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State Highway Patrol announces contributing factors to fatal crashes in 2019

FREMONT — The Ohio State Highway Patrol announced five contributing circumstances which accounted for 74% of Ohio accidents in 2019. The major determined factors are as follows: driving off the road, unsafe speed, left of center, failure to yield and following too close, according to a release from the Fremont post of Ohio State Highway Patrol.

It was determined male drivers were at fault in 75% of fatal crashes in Ohio in 2019, the release states. Unsafe speed has tended to occur more often with male drivers than with female drivers, according to the release.

It was also determined female drivers were 20% more likely to be at fault in failure to yield fatal crashes than males, it states.

Teenage drivers were more often at fault in fatal crashes caused by unsafe speeds and driving left of center than older drivers, according to the release.

In rural areas of the state, driving left of center and failure to yield in various situations were more likely to be the cause of fatal accidents than in urban areas, the release states.

According to early data, the State Highway Patrol has said 2019 was the second-deadliest year in the last decade with 1,157 deaths caused by traffic crashes.

Distracted driving is believed to be a factor in the increase of fatal crashes, the release states.

To that end, Gov. Mike DeWine announced details of new legislation meant to “change the culture around the use of wireless devices while driving” during a news conference Feb. 13, the release states. The Hands-Free Ohio Bill, with limited exceptions, was created to make the use of a handheld wireless device while driving a primary offense and increase penalties for drivers who disregard the law about use of wireless devices while driving, a release from the office of Gov. DeWine states.

Currently, the use of handheld devices while driving is a secondary offense, meaning members of Ohio law enforcement cannot stop a driver using a device unless they also commit a primary offense, such as running a red light.

The Hands-Free Ohio Bill, sponsored by Senators Stephanie Kunze (R-Hilliard) and Sean J. O’Brien (D-Bazetta), will include stricter penalties for drivers writing, sending, or reading text-based communications; watching or recording videos; taking photos or looking at images; livestreaming; using apps; entering information into GPS navigation programs; dialing phone numbers; or holding a device for a phone call, according to the release from Gov. DeWine’s office.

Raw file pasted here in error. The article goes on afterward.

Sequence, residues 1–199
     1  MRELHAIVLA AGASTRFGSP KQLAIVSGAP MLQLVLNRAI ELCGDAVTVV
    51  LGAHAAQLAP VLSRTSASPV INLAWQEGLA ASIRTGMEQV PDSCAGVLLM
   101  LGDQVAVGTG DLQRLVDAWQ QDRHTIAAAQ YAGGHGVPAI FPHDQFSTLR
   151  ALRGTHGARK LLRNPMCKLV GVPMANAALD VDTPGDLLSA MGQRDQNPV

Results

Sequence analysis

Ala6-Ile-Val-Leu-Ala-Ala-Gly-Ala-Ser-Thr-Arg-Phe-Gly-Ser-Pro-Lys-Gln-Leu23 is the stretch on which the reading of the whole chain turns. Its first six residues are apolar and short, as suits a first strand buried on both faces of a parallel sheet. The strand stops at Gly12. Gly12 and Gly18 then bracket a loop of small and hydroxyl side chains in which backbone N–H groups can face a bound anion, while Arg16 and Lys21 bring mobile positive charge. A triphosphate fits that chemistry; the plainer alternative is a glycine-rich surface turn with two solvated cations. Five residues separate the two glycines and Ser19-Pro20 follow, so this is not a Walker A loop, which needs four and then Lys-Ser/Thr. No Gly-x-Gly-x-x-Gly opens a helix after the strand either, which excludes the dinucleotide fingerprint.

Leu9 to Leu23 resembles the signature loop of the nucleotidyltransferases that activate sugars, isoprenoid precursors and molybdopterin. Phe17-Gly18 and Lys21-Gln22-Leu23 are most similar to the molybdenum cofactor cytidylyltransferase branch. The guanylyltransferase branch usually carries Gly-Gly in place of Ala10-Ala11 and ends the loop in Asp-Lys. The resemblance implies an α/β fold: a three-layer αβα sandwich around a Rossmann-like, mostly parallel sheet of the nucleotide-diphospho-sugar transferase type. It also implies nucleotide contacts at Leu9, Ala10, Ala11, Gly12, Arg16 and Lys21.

The Hands-Free Ohio bill will increase fines for drivers who habitually use devices while driving, the release from DeWine’s office states. In cases where a driver using a device causes serious injury or death, the penalties will mirror those of drunken driving, according to the release.

“Law enforcement officers see the deadly consequences of distracted driving violations on a daily basis, and more often than not, these distractions involve the use of an electronic device,” Lieutenant Brent Meredith, commander of the Fremont Post of State Highway Patrol, is quoted saying in the Fremont Post’s release. “Distracted driving is unsafe and irresponsible, and in a split second, the consequences can be devastating.”

Exemptions written into the Hands-Free Ohio bill will include using hand-held wireless devices for emergency calls; using a device while in a stationary vehicle outside of the lane of traffic; using a device in hands-free mode to talk on the phone, dictate text-based messages or listen to received messages; use in circumstances where an action can be accomplished with only a single swipe; use in public safety or utility professions, as necessary for duties; or use if the wireless feature is a permanent part of the vehicle, the release from DeWine’s office states.

The Patrol reminds citizens to call #677 when witnessing unsafe driving on Ohio roads in the release. For more information, a traffic safety bulletin can be found at statepatrol.ohio.gov.

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